- Business and Employment»
- Employment & Jobs
Job Tips for Campsite Couriers 10 : The Second Hungarian Uprising
Click on the link below for Part 1 of the series.
Tips for Campsite Couriers 10 : The Second Hungarian Uprising
I accept that mini-disasters might happen from time to time and I can accept them more easily when they're mine.
But when some incompetent fart makes a mess of things sitting in an office a thousand miles away and I have to suffer the consequence then that really gets my back up.
Such was the fate that us with two of our customers.
Unlike our normal guests these weren't booked directly through our company but through a time-share deal by another firm. Yep! I know what you're thinking, 'time-share', no surprises there as they're two words that shackled together have become notorious in the English language for fraudsters, tricksters, aggressive and coercive salesmen or just downtright shoddy service.
Tip: Expect to take the flak for other people's mistakes
I don't suspect for one minute that this company were shady in any way, just useless.
They're based in Ireland so perhaps the Irish should export their idiots too, just as Scotland did with me. Better to dispatch your half-wits abroad where they can wreak unnecessary havoc over there.
Imagine trying to clean gutters balancing a pillow on the end of a brush pole? I rest my case. But 'Bampot Exportation' would be a good exercise in damage limitation back home as the population could rest at ease in the comfortable knowledge that all us bungalow-brains are safely out of the way for the summer.
Tip: Prepare to test your customer service skills
An Italian lady and her elderly mother arrived through with the exact same deal. We had nothing to do with the processing as we just acted as an agency to welcome them and provide on-site customer-service.
Everything else was organised through the time-share company. So after the smiles, handshakes and 'buongiorno's', they were led away to their mobile home. But my colleague returned 15 minutes later with a worried look on her face.
"They were expecting an apartment" she said,
"Eh?" I replied,
"Yes, they thought they had booked an apartment, not a caravan"
"What gave them that impression?"
"It says it on their confirmation letter" she explained
Sure enough, on the letter, which was all in Italian, it said 'Appartamento' in the box with the description of the accomodation.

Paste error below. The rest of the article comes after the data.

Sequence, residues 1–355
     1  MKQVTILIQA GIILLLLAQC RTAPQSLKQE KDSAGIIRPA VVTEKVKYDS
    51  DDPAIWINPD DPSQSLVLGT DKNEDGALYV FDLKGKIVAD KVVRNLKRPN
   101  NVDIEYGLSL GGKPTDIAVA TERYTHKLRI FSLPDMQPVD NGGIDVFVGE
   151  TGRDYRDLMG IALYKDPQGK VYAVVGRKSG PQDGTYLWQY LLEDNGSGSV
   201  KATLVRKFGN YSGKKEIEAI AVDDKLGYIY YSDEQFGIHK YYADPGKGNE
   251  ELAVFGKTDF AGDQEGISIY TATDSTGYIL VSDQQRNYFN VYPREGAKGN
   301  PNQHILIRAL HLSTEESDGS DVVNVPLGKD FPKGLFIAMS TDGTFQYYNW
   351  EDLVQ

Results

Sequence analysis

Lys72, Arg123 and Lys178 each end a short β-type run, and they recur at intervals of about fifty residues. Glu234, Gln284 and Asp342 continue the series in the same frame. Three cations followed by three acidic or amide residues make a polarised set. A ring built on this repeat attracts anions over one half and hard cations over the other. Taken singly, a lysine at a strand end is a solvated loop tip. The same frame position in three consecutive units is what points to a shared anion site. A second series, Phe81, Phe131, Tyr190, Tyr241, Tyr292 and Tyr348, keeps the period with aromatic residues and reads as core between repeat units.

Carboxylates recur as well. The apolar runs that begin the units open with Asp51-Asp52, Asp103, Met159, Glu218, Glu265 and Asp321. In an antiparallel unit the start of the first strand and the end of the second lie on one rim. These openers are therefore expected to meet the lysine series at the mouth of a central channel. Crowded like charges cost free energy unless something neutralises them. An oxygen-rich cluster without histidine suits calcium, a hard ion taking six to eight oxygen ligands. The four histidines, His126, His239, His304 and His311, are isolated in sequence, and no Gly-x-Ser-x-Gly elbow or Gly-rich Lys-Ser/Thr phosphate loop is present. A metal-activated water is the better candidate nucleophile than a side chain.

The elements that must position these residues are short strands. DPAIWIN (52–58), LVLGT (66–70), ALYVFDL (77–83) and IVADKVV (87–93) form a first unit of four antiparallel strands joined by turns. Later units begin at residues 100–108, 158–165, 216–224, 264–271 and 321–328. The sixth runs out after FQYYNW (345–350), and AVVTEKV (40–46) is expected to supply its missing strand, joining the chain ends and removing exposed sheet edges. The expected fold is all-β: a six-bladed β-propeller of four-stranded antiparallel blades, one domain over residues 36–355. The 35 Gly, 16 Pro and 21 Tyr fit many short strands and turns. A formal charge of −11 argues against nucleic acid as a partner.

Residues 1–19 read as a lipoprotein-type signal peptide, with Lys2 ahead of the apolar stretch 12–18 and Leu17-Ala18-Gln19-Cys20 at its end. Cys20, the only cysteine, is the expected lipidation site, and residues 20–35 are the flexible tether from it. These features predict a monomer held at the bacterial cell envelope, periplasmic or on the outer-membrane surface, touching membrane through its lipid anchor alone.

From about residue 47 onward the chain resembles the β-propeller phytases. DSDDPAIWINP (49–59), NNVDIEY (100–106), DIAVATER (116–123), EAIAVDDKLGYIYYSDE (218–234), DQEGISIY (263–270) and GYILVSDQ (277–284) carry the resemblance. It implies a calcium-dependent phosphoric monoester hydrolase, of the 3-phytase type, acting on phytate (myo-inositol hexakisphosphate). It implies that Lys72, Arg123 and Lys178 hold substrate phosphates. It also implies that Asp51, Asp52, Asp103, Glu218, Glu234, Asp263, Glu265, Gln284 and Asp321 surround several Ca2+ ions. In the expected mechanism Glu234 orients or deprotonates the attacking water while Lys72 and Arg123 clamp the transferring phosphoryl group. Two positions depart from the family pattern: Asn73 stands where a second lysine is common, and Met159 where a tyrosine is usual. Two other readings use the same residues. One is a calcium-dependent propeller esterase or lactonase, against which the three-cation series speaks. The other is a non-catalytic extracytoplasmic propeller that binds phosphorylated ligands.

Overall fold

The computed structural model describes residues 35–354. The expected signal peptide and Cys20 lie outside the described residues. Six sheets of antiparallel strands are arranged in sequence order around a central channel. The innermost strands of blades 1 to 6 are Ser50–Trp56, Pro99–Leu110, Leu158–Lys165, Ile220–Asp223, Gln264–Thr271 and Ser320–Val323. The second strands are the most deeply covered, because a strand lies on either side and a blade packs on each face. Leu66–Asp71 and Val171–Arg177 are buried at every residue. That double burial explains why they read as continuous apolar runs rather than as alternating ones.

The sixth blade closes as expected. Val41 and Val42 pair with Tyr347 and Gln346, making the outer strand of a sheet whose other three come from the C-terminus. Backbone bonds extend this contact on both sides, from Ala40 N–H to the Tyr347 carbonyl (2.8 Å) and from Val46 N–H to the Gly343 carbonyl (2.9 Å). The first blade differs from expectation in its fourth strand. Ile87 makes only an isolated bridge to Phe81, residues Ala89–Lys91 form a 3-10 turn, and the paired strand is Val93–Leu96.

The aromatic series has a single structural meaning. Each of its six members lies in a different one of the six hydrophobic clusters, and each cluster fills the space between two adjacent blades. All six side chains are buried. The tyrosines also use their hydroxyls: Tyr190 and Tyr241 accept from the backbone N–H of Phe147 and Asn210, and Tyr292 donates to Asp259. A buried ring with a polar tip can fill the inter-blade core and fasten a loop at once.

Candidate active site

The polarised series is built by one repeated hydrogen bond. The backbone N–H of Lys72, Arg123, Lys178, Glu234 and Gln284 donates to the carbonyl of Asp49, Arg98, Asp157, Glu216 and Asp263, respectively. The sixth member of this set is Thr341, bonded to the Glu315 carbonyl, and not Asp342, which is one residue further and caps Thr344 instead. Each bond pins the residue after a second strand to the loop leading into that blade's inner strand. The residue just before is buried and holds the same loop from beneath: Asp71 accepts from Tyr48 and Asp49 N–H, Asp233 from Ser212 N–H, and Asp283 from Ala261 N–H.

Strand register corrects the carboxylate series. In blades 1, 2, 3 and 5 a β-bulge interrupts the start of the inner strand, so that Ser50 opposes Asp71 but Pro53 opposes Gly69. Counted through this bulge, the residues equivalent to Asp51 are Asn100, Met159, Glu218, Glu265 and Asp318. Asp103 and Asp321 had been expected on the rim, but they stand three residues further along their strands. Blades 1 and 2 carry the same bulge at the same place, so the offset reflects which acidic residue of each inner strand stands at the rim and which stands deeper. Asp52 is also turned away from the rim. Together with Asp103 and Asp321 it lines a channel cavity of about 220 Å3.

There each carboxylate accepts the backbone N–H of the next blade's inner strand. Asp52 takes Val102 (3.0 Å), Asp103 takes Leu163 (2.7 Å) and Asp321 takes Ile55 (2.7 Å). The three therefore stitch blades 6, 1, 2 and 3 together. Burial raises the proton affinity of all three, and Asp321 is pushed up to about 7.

There was no confusion about the meaning of the word either as we even checked my large dictionary.
You never can tell with other languages.
Ssometimes the translation isn't always literal and a seemingly similar word to English can mean something entirely different.
You know what I mean, like the French word for fish is "poisson" of all things.
The Germans have a word "also" which actually means "then" I think and in Italian itself the word "semaforo" means "traffic light". That conjures images of an Italian traffic-warden waving red, amber and green flags all day at busy road junctions.
Very tiring work. I'm sure you'd need strong arms for that and perhaps a deathwish the way the Italians drive. You can't even have a quick prayer as your hands are full of flags and they'd probably have you standing on a chair.
Tip: If it happens once it can happen again
I was on reception duty that evening waiting on the arrival of a Hungarian family who were traveling from Hungary believe it or not. After the smiles, handshakes and 'buongiorno's' again, Mr Vona asked
"You take us to our appartment now?"
"Oh Shit!!!", I thought, "Not another one? You gotta be kiddin!"
His English was very good which helped me get the bad news over with quickly and effectively but he was not a happy chappy. He showed me his confirmation letter which was all in Hungarian.
So it could have been a recipe for ghoulash or the Bank Holiday arrangements for the Budapest subway system for all I knew. But coming after the Italian ladies I accepted that he hadn't made a mistake in the translation and he indeed had been promised an apartment too.